Behavioural activation is a type of evidence-based therapy that has good support for its use in improving depressive symptoms (Veale, 2008).

The idea behind behavioural activation is that people with depression are often feeling low and unmotivated to engage with the world. This leads to a loss of positive reinforcement (i.e., things that make people feel good and effective), which in turn leads to even more depressed feelings.

Behavioural activation work to re-add feelings of pleasure and mastery in people’s lives. As the terms suggest, pleasure refers to activities that make us feel good (e.g., spending time with friends, a hot shower) and mastery are activities that make us feel productive (e.g., cleaning our house, learning a language). Some activities give us both!

Some people may have a lot of pleasurable activities in their lives but feel less mastery; other people might spend a lot of time engaging in productive tasks (e.g., work) but have less time for pleasure. Unsurprisingly, having an excess or lack of either (or both) can lead to depressive symptoms.

The article discusses how you can incorporate behavioural activation in your life and improve your mood!

Making a list of activities for pleasure and mastery

The activities that people find enjoyable and productive depends on the person themselves.

Start with making a list of activities that you find pleasure and mastery:

For example:

  • Taking a hot shower (pleasure)
  • Make the bed (mastery)
  • Practice learning a new language (mastery)
  • Spending an afternoon lunch with a friend (pleasure)
  • Reading a new book (pleasure and mastery)
  • Going for a walk (pleasure)

If you’re having a hard time figuring this piece out, think about what activities you used to enjoy or find meaning in. Or if you were feeling better, what kind of things would you want to do. These might be places of inspiration to draw from to get the ideas rolling!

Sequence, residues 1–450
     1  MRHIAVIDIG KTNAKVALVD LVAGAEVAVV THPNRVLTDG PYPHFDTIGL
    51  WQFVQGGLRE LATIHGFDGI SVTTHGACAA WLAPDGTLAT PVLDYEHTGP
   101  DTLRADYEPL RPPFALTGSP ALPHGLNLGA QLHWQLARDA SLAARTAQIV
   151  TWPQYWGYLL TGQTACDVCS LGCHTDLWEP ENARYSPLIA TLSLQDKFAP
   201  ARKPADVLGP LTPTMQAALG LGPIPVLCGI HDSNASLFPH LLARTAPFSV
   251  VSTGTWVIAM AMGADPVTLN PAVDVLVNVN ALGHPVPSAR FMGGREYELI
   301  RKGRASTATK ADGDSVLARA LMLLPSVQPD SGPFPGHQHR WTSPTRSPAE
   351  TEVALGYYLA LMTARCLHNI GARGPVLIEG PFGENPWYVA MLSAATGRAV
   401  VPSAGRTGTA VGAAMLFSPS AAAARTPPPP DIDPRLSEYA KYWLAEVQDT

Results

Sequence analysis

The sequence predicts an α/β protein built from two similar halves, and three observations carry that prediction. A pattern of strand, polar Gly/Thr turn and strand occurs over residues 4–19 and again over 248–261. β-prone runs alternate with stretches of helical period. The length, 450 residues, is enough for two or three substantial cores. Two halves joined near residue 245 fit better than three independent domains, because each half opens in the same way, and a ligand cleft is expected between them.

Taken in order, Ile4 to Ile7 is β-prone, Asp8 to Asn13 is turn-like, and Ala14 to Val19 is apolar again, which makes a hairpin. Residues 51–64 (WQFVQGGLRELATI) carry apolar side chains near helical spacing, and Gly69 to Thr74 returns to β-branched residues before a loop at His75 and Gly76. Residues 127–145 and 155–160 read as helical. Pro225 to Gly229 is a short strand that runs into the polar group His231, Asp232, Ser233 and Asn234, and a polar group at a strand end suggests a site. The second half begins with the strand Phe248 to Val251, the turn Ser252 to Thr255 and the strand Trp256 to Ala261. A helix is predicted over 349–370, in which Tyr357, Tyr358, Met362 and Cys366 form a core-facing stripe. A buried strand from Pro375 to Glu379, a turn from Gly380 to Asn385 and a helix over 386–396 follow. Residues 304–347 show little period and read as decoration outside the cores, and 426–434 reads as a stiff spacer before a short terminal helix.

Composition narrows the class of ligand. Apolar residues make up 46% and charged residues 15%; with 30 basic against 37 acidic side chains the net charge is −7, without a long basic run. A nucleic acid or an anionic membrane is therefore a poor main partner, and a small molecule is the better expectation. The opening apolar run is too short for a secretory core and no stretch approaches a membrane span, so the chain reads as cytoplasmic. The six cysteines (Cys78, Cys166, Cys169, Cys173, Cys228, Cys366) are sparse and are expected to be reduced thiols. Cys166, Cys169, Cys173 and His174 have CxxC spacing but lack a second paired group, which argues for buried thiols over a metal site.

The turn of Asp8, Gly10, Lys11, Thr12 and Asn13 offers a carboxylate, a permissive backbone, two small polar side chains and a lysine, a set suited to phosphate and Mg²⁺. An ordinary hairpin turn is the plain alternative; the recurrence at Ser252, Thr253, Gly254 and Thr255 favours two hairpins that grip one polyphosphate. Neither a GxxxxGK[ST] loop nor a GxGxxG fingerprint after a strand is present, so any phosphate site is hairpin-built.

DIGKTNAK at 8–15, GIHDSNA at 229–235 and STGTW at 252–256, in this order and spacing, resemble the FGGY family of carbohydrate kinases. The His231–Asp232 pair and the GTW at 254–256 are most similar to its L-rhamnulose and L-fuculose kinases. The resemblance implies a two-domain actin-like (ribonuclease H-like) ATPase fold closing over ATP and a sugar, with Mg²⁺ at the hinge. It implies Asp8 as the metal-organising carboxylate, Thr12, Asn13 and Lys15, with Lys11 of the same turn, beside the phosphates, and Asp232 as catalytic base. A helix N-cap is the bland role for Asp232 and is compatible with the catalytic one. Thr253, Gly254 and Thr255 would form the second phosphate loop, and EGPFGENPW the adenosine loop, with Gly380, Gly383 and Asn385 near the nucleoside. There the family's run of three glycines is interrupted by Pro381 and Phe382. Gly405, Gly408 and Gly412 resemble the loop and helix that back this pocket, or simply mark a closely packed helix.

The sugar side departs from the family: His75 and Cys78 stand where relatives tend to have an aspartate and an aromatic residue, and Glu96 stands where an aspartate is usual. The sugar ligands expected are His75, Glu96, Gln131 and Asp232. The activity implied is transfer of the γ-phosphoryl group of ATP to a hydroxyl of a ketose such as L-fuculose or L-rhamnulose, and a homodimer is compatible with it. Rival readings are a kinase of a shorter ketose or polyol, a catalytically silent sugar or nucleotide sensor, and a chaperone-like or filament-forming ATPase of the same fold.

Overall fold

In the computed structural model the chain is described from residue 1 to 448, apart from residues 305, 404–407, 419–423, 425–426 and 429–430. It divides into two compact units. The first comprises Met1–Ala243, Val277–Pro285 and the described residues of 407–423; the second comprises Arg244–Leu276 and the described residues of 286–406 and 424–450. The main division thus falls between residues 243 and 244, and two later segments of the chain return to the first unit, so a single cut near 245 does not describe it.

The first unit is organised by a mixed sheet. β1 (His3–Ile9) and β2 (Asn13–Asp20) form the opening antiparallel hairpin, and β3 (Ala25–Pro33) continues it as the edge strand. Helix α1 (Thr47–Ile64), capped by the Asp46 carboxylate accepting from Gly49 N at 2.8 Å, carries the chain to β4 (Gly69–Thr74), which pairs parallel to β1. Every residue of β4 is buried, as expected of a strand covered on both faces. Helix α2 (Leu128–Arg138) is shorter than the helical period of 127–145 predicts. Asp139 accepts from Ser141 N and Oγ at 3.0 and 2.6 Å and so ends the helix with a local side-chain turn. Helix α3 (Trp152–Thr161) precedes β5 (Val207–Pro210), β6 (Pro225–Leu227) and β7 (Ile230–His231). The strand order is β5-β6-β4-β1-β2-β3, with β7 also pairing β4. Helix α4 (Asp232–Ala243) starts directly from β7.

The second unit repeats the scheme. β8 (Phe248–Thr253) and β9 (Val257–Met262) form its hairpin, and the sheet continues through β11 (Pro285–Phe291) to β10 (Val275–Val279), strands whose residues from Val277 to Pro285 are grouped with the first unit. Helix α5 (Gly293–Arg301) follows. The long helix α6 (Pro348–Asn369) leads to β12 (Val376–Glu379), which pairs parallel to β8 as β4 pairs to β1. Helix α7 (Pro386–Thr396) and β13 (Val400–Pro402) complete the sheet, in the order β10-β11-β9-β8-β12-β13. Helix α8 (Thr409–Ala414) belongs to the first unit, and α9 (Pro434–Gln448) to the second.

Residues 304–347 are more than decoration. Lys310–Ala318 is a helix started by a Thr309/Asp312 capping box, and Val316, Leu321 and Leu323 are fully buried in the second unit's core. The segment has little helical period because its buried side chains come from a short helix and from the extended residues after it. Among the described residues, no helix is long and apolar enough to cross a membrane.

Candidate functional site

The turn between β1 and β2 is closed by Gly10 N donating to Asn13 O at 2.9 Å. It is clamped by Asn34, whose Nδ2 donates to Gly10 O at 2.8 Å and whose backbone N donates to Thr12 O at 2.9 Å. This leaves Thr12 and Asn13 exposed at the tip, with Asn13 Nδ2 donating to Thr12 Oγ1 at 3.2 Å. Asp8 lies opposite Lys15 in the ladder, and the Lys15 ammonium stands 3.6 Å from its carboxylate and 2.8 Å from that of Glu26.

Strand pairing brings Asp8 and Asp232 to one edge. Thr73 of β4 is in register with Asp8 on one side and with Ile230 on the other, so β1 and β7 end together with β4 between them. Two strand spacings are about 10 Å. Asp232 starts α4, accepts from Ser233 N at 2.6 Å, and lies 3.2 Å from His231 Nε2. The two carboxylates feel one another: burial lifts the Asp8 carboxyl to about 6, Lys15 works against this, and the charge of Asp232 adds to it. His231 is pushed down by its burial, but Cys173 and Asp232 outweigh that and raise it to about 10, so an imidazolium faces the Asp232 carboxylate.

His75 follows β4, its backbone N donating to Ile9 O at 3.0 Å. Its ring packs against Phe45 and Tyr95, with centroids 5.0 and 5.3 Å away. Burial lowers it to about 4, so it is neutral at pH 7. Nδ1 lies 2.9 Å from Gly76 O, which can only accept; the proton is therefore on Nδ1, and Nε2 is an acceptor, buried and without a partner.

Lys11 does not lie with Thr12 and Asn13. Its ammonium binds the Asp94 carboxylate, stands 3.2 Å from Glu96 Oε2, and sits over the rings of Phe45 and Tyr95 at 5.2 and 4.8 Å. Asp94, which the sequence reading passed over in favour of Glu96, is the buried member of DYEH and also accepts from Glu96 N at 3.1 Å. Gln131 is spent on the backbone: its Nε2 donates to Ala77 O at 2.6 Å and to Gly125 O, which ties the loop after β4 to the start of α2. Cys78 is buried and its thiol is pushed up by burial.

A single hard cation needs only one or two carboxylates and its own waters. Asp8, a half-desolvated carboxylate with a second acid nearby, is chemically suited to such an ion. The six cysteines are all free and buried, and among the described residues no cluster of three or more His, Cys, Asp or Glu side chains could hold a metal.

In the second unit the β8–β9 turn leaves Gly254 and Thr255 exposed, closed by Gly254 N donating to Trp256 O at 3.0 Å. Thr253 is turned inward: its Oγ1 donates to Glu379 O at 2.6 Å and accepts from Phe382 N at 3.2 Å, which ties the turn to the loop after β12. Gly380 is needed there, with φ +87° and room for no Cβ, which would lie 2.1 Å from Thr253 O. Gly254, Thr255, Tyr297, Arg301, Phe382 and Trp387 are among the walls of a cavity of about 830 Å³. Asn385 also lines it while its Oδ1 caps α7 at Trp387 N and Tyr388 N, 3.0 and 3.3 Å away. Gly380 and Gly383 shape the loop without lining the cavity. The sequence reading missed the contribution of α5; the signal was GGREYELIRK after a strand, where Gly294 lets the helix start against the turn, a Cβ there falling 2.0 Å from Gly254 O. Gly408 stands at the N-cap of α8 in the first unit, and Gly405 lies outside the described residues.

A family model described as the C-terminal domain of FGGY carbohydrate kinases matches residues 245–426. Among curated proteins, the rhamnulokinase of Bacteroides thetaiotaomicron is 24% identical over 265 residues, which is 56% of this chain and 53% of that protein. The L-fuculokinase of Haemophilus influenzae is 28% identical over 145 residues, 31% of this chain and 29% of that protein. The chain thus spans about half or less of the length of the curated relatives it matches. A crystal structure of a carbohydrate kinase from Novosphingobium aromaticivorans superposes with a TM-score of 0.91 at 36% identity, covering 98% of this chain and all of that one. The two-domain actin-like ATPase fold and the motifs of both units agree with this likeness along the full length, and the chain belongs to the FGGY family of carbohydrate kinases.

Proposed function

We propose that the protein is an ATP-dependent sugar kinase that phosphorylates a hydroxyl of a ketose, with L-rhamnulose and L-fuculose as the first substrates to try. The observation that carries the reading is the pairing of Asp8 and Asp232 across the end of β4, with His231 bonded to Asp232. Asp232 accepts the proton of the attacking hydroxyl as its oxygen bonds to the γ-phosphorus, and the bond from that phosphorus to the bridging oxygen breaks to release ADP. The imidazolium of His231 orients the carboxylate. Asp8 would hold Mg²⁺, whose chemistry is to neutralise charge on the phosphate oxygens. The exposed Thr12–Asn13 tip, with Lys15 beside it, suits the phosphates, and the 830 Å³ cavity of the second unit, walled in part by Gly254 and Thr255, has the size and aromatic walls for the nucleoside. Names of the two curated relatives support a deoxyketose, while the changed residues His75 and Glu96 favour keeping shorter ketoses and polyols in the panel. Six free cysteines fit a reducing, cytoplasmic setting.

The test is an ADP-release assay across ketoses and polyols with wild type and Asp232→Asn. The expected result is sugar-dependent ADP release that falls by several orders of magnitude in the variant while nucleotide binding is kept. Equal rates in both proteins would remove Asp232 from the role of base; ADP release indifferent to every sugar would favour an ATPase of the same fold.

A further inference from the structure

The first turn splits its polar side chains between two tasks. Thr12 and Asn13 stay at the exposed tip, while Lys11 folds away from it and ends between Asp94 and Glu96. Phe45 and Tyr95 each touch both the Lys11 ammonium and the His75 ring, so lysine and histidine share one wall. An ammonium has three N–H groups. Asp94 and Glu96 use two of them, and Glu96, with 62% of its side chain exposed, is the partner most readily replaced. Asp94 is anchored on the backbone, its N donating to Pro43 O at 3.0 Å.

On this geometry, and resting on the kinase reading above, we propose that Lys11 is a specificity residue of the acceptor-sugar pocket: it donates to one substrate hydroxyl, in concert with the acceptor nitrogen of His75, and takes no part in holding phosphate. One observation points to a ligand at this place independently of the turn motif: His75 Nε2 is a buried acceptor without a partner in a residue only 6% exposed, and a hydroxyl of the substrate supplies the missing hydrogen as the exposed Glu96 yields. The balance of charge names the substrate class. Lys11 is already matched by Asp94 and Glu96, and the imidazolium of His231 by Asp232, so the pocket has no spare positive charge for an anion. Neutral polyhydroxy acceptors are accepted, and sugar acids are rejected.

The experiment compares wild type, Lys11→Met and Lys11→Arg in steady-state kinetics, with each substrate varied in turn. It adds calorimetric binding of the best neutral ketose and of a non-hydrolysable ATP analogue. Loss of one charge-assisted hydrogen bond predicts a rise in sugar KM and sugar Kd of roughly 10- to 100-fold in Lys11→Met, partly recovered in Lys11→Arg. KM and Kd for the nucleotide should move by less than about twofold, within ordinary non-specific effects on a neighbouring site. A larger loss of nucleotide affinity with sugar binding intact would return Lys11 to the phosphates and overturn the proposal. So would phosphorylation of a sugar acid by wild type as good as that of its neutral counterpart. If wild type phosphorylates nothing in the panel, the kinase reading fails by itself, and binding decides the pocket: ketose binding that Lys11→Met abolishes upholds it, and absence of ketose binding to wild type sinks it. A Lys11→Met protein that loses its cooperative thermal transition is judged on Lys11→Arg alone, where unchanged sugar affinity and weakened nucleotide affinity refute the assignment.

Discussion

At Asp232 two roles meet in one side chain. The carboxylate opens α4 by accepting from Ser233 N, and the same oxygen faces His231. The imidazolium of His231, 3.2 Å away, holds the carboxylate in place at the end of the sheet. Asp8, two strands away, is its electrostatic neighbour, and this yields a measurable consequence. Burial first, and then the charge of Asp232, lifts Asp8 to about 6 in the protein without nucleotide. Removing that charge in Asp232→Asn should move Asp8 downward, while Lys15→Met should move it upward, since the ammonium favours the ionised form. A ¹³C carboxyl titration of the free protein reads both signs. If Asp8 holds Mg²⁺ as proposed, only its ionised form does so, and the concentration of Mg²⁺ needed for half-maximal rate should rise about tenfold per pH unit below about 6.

Sorting activities by difficulty

Next, sort these activities by level of difficulty in terms of completing: easy, medium, difficult. For example, taking a hot bath might be an ‘easy’ level task to complete, whereas having a weekend vacation with your partner might be a ‘hard’ level task.

Difficult tasks may be overall more enjoyable or meaningful, but they may not always fit well into a busy schedule or if you’re feeling particularly low. Therefore, starting with easy tasks that give you the biggest bang for your buck can be helpful if motivation is a problem.

Using SMART Goals to set yourself up for success

When we’re setting up activities to include in o our lives, we want to set ourselves up for success! It can feel discouraging to plan to do something but then have it fall through.

Therefore, SMART Goals can be a really helpful to plan activities in a way that support our ability to accomplish them.

For example, an activity you might want to include is taking walks. To make it a SMART Goal, you would specify the when, where, how long, and how often.

  • “I will take two walks this week after work for 15 minutes around the neighborhood park”

If you think the goal might be too lofty, you can always amend the goal to make it more likely to complete. For example, only taking one planned walk in the week or reducing the walking time.

Another strategy to troubleshoot is reflecting on possible barriers beforehand.

For example, one barrier might be: “I would feel really tired after work, so I might not go for the walk”. To address this issue, you might decide to go for a walk before work (to avoid feelings of lethargy) or put on your walking shoes 30 minutes before the workday ends to make the transition easier. Be creative with your problem-solving!

Rating feelings before and after trying the activity

Sometimes, our low mood makes negative predictions that we won’t benefit from engaging in these activities.

In these moments, it’s helpful to take on a curious scientist approach and test to see if that belief is true.

Before the activity, write down your current mood rating (1 = very low to 10 = very high) and then write down your prediction on how you will feel after the activity. Once you’re done, engage in the task and reflect on how you ended up feeling! This is a great way to test our beliefs that we sometimes assume is correct.


That’s it! Feel free to choose activities that work best for you to add a bit more pleasure or mastery into your life. Try to keep an open and creative mind when deciding on activities, how to go about setting yourself up for success, and whether it’s going to be helpful.

If you don’t feel like these will help, remember that sometimes what we do can precede how we feel. I’m sure we’ve all had experiences where we didn’t feel like doing something, but felt a little better afterwards!

Best wishes,